Having grown up in Ontario in an active family that encouraged physical activity, exercise, and sport from a very young age, I often take for granted the benefits and opportunities that accompany regular physical activity. This is especially true in Vancouver, an outdoor oasis, where the ocean meets the mountains and a mild climate plays host to more activities than I could ever imagine. However, not everyone shares the same capacity or tolerance for exercise. Individuals with chronic diseases, for example, are often limited in their physical activities. Consequently, they may struggle with tasks of daily living, such as walking up stairs, doing laundry, or taking a shower. To minimize their discomfort, these tasks are often avoided leading to physical inactivity, which places a significant burden on both the individual and the society at large.
In the CPEP lab, our mission is to better understand the factors that lead to exercise intolerance across the spectrum of health and chronic lung disease. Specific to disease, our aim is to counteract the negative cycle of physical inactivity and worsening symptoms. As a member of this lab, I have had the opportunity to contribute to research that may directly impact the quality of life of those living with chronic obstructive lung disease, cystic fibrosis, and interstitial lung disease. I’ve also played a role in mentoring physical therapy students during their research placement. For example, we recently completed an award winning (CSEP 2016) project which compared the accuracy of non-invasive surface electrode stickers placed on the chest to an invasive esophageal electrode catheter to measure breathing muscle activity as a diagnostic tool for disease progression and exertional dyspnea. One of our research group’s largest projects is a multi-center randomized control trial, that has been implemented at eight different sites across Canada, to determine the impact and feasibility of cycling rehabilitation in idiopathic pulmonary fibrosis while breathing supplemental (60%) oxygen. My role as an exercise trainer in this study has been eye opening, and I find immense satisfaction in having a direct impact on a patient’s ability to exercise and improve his or her ability to perform physical activity. However, this is just a start. Much more can be done to improve current pulmonary rehabilitation programs.
We are now entering an era of “precision” or “personalized” medicine. Currently, our health care system primarily operates by use of generalized treatment plans for individuals presenting with symptoms common to a particular illness. However, each individual is unique in terms of the co-morbidities they present with, the interaction of these different co-morbidities, and the severity of their symptoms. For example, in pulmonary rehabilitation, these patients are limited by immense breathing discomfort coupled with a low tolerance for cycling exercise, the predominant modality used in these programs. Therefore, if we can find ways to reduce their breathing discomfort and allow them to tolerate exercise for longer and/or at a higher intensity, we may be able to optimize the benefits these patients gain from exercise training. One parameter in these programs that has received little attention is cycling cadence, or pedal rate. Recent work in cyclists, suggests that pedaling rate may represent a balance between leg muscle fatigue and stress on the cardiorespiratory system. Pedaling at too high a rate causes excess breathing ventilation, which could exaggerate breathing discomfort. On the other hand, a low pedal rate leads to greater leg muscle fatigue while potentially minimizing breathing discomfort so that exercise duration can be extended. Thus, pedaling rate may be the key to optimizing rehabilitation programs. Even marginal gains in exercise intensity and volume will lead to a host of physiological benefits and an improved overall quality of life.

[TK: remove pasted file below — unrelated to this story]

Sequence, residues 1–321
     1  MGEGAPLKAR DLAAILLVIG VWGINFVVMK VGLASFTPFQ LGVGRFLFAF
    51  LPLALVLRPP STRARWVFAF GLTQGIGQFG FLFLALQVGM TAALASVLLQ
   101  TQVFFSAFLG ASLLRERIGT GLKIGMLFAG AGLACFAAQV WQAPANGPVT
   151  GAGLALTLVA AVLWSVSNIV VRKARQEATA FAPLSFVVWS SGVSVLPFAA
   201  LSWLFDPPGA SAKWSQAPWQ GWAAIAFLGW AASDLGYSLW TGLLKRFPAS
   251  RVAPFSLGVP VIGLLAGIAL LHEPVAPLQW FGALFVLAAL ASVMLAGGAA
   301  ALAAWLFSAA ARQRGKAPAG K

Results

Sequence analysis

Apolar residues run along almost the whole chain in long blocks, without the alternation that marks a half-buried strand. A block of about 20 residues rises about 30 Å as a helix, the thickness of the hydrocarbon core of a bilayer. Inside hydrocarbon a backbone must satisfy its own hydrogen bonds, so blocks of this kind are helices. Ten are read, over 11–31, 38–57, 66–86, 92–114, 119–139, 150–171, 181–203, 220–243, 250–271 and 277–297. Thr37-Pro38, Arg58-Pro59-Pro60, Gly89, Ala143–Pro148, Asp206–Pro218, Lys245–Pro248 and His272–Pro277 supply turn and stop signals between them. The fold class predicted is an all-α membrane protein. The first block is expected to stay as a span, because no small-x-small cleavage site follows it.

In order to investigate this relationship my Master’s research project is focusing on the impact of cycling cadence on subjective breathing discomfort; leg muscle activation; the work it takes to breath; as well as leg muscle oxygenation and blood flow. Oxygen is essential for exercise and is dependent on blood flow for delivery to the active muscles. Thus, blood flow to these regions could represent the key to understanding this pedal rate effect. To determine blood flow, we inject a biological tracer molecule (indocyanine green) into the venous circulation while the participant is cycling. The dye travels through the arterial circulation where the concentration of the dye increases in the active muscles and this change in concentration is used to calculate a relative measure of blood flow. Due to the invasiveness of this procedure, my Master’s thesis will be conducted on healthy, highly fit cyclists. However, we hope the results of this novel investigative study will lead to similar projects in chronic lung disease to better optimize rehabilitation programs.